With 48% of passenger cars worldwide expected to have embedded connectivity by 2024, it seems the connected-car industry is about to take off. Statistics compiled by Analysys Mason for its new Connected cars: worldwide trends, forecasts and strategies 2014-2024 report, help support this claim.  However, mobile network operators (MNOs), a main focus of the report, must seamlessly deliver connectivity, value-added services, and dependable road coverage in order to advance the market.

Today’s nearly all-electronic cars come fitted with various computer components and LTE connectivity for navigation, multimedia, and diagnostics. An embedded, networked connection, though, would foster compliance with emerging entertainment apps, such as Apple CarPlay. Such a network must support machine-to-machine (M2M) communications and all multimedia forms, all the while providing uninterrupted service. To that end, deals between vehicle manufacturers (VMs) and MNOs reportedly will bring connected car models to market by 2015.

The report advises MNOs eyeing the connected-car market to broaden their “connected lifestyle” credentials. Beyond offering additional services, MNOs must strengthen automotive connectivity support –namely, avoid interference and bad coverage along roads. Mobile data growth is in the cards, though, if MNOs can provide, say, cloud-based services and automotive multi-device shared-data plans.

By the end of 2014, approximately 20 million cars will feature embedded connections. Forecasts show that number will balloon to 654 million (a compound annual growth rate of 36%, CAGR) by 2024—with 89% of new cars sold integrating embedded connectivity. Mobile tethered devices, which enable drivers to access smartphone applications, should also see a major market upswing. Devices with tethering-enabled cards are expected to rise from 4 million to 654 million between 2014 and 2024, a CAGR of 65%.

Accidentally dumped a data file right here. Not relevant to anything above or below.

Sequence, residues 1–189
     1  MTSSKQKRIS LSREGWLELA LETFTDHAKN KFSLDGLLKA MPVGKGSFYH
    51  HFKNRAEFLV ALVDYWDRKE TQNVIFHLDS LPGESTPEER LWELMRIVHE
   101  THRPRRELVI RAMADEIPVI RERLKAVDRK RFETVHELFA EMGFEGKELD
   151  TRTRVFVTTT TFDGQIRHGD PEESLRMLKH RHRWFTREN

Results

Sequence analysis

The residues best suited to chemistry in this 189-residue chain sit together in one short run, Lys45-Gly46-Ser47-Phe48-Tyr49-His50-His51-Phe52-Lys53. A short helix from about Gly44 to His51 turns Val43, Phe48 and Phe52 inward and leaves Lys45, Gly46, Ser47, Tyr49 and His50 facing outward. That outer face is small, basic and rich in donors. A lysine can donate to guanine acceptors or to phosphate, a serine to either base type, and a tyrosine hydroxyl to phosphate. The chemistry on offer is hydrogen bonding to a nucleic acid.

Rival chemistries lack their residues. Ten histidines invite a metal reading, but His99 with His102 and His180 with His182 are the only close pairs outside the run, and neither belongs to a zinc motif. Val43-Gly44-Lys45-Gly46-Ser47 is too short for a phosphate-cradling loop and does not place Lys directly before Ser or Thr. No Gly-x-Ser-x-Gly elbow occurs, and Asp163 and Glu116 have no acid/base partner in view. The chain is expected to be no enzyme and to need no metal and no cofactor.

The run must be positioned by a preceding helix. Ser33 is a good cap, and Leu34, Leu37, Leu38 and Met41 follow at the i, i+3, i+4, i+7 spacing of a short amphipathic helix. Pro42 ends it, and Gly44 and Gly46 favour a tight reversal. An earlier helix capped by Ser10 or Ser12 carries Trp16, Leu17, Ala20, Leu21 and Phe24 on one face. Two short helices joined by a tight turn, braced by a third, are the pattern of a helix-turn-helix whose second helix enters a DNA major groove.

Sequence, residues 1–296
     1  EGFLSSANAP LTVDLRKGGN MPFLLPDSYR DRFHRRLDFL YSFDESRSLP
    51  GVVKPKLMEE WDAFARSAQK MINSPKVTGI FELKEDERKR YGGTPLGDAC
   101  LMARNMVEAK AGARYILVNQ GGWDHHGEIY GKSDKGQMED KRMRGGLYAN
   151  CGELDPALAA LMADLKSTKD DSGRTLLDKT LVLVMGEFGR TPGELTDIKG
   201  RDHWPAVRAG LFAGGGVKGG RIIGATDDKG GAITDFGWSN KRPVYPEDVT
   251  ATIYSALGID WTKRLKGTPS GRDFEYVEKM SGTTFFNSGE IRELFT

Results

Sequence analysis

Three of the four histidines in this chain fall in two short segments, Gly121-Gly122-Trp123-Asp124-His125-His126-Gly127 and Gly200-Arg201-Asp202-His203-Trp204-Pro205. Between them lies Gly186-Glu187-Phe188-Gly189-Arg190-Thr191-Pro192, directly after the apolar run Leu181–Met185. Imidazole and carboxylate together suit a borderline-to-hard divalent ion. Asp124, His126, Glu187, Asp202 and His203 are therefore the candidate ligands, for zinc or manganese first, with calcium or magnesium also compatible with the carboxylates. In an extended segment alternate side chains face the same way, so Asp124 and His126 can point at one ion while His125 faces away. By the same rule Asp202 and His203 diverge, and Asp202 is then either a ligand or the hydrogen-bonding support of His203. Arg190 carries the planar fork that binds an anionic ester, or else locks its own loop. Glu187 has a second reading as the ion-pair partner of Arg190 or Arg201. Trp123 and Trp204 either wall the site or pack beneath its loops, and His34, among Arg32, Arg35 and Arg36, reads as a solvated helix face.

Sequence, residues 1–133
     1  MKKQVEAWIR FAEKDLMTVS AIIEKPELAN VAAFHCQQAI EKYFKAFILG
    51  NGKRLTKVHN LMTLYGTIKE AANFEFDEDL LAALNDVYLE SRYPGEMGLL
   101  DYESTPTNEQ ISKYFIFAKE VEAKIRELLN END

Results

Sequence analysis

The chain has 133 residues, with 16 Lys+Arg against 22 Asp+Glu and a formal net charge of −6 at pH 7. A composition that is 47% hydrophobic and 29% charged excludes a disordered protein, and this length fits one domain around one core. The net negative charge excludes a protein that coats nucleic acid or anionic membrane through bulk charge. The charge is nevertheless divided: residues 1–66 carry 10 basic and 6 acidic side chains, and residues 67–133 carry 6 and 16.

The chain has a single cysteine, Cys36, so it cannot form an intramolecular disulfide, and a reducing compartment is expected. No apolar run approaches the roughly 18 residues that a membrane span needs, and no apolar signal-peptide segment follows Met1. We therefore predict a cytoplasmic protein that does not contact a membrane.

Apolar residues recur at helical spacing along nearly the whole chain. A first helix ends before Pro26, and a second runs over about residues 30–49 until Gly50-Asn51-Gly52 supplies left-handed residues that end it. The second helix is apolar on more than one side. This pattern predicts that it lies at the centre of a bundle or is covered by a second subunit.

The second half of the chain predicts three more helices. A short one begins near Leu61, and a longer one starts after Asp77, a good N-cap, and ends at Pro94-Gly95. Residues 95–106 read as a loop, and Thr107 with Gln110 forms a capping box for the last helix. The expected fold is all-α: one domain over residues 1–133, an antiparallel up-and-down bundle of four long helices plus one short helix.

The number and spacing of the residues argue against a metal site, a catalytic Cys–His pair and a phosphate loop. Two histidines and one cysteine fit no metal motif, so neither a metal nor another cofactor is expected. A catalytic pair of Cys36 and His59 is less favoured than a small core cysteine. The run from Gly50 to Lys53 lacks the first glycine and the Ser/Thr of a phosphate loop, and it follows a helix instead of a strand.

Analysys Mason’s report also homes in on the aftermarket, specifically the manufacturing, distribution, retailing, and installation of vehicle parts post-sale from original equipment manufacturer (OEM) to consumer. Usage-based insurance (UBI) and commercial vehicle fleet tracking will account for 191 million connections worldwide by 2024, opening up a good opportunity for MNOs to serve the aftermarket. Solutions in this realm include consumer telematics for remote management, commercial-vehicle fleet-tracking telematics, and UBI telematics. However, the opportunity is limited—the market will likely flatten in and around 2018 and come to a halt in 2021, being replaced by embedded-connectivity solutions.  

So what’s the plan of attack for MNOs? Foremost, mobile-network planning must evolve to deliver a more enriched, seamless experience. Value-added services (e.g., cloud-based media content) will help operators move up the value chain. Also, regardless of whether or not MNOs have partnered with VMs, integrating smartphones into vehicles will increase the volume of mobile data traffic. Embedded connectivity’s success will ultimately be driven by new-car sales, buttressed by strong M2M module form factors and progress in SIM-card technology.

What isn’t clear right now concerns the price consumers will pay for connected-car services. When surveyed, only 22% of consumers said they would pay extra for connected car services. This could create added issues in terms of demand, considering semi-autonomous vehicles will be rather commonplace by 2024.